We take more photos than ever. Nearly everyone has a smartphone, which gives them immediate access to a camera.

So, if you’re feeling overwhelmed by your photo collection, you’re not alone. Depending on your situation, you may also be dealing with generations of family photos on top of your personal ones.

These photos might be spread out in physical photo albums, on your phone, your computer, photo websites, social media, tablets, backup drives, thumb drives, VHS tapes, negatives, etc. There are also physical items that represent memories, such as letterman jackets, trophies, and wedding dresses.

It’s difficult to know where to begin. But, if you get started and keep at it, you will chip away at the project and reach your goal.

Let’s take a look at how you can use the EMEND process to organize your photos and memorabilia.

Explore: What does the end goal look like?

Make this a specific goal. It could be that you want to get all of your photos in a single place, whether it’s your digital or physical collection. Maybe you’re creating a digital backup or making a gallery wall in your home. Other people want to prepare a slideshow for a graduation, wedding or funeral.

Merge: Group like photos together.

Put your photos together in categories that make sense to you. This could be grouping them by year, by holiday, by vacation, etc. If one section is huge, such as vacation, maybe you break those down by year or location. Start big and work into smaller groups as needed.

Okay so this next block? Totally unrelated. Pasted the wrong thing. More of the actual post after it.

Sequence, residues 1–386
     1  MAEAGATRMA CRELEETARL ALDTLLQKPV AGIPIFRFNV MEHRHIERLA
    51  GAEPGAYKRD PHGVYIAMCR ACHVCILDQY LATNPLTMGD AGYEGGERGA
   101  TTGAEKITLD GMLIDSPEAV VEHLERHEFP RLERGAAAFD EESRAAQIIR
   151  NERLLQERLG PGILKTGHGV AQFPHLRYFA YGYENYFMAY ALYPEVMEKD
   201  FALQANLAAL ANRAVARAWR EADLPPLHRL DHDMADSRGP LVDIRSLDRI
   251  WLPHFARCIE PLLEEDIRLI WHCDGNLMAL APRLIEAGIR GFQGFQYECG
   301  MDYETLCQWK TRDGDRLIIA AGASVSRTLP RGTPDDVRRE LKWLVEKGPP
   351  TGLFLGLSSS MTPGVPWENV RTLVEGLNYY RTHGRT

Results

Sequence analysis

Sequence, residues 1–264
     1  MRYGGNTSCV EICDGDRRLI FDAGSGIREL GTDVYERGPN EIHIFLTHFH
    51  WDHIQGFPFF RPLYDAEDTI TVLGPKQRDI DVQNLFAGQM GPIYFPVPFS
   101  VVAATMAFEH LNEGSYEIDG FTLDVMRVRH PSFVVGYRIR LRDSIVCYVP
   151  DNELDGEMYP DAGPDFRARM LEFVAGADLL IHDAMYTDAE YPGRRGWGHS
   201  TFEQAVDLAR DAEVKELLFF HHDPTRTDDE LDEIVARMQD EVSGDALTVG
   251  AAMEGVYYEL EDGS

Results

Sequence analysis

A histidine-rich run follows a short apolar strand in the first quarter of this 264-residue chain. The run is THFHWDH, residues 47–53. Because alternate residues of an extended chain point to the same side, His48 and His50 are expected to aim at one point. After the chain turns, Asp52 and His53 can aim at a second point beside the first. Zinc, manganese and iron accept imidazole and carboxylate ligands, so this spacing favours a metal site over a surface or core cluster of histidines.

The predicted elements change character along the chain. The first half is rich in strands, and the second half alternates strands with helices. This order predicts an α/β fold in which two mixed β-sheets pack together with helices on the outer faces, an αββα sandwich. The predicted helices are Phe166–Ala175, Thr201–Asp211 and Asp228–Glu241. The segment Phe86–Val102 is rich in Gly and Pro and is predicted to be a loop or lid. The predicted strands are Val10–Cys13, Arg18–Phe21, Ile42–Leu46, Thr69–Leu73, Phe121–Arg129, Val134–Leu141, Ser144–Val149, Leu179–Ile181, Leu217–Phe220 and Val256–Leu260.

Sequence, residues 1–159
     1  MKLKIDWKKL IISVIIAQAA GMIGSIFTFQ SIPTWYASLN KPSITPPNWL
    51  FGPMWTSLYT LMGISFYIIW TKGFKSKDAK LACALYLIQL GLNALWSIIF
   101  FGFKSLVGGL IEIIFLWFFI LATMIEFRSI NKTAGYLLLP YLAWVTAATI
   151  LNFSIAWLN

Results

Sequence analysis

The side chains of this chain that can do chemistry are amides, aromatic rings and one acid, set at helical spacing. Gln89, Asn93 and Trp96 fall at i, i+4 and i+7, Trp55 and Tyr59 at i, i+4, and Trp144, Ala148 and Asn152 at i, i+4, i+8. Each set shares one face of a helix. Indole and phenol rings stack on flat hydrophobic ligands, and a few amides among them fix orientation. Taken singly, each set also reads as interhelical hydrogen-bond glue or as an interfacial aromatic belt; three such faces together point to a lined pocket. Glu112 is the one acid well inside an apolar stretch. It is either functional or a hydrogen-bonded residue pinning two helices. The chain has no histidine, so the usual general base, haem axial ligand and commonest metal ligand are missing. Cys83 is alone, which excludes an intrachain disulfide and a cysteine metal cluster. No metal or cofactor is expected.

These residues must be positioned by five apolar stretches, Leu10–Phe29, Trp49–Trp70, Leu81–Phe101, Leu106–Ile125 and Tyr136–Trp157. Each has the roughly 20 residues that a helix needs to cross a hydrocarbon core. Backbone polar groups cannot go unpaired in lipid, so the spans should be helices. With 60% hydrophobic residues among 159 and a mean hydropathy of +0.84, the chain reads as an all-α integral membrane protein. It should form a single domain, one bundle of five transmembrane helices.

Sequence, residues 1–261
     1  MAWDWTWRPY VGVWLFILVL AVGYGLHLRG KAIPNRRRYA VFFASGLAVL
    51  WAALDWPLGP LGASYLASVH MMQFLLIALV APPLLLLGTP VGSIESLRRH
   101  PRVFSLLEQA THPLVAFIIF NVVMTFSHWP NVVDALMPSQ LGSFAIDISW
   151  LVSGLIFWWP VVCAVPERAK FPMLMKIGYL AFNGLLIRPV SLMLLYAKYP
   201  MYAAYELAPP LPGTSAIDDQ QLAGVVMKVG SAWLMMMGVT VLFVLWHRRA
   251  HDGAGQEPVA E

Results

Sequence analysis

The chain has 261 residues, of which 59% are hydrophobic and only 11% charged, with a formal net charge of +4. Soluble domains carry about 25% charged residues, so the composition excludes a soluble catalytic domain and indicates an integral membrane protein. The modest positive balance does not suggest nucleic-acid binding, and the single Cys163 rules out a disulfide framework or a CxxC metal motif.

Edit: Decide what to keep and get rid of.  

Give yourself permission to get rid of photos. You can’t recycle them, but you can get rid of them. Start by tossing the duplicates; you can give them to people who may want them. You can also toss the ones that are fuzzy, eyes are closed, or have a finger in the way.

You could also simply not need certain photos. Maybe there’s an old family album from a trip you didn’t go on, so you keep the pictures of your family but toss the scenery shots.

If you’re organizing digital photos, delete any unnecessary screenshots or multiple “burst” shots that you don’t need. If you’re organizing video memories, know that VHS tapes have a 10-15-year lifespan. It is definitely past time to get these memories preserved.

Nest: Review your storage options.

Find a home for the photos you want to keep. For more information on photo storage, take a look at our blog post on how to store your memories.

Develop: Do I have to take this picture?

This step is about maintaining the system you’ve created. Maybe you set a goal to go through your photos on your phone and delete the ones you don’t want or need. It’s a good way to chip away at it.

If you’re going through physical, family photos, maybe you set a time to get together with the family and sort photos and/or share stories and family history. Don’t wait!

You also can set a goal to change your photo habits. Do you really need to continue to take as many pictures? Not taking as many pictures means you don’t have to manage as many.

 Jan. 31 is another installment of the “Get Organized” series at the Main Library on Goodwood. Join Alyssa for the fourth session: “Organizing Your Time” at 3pm.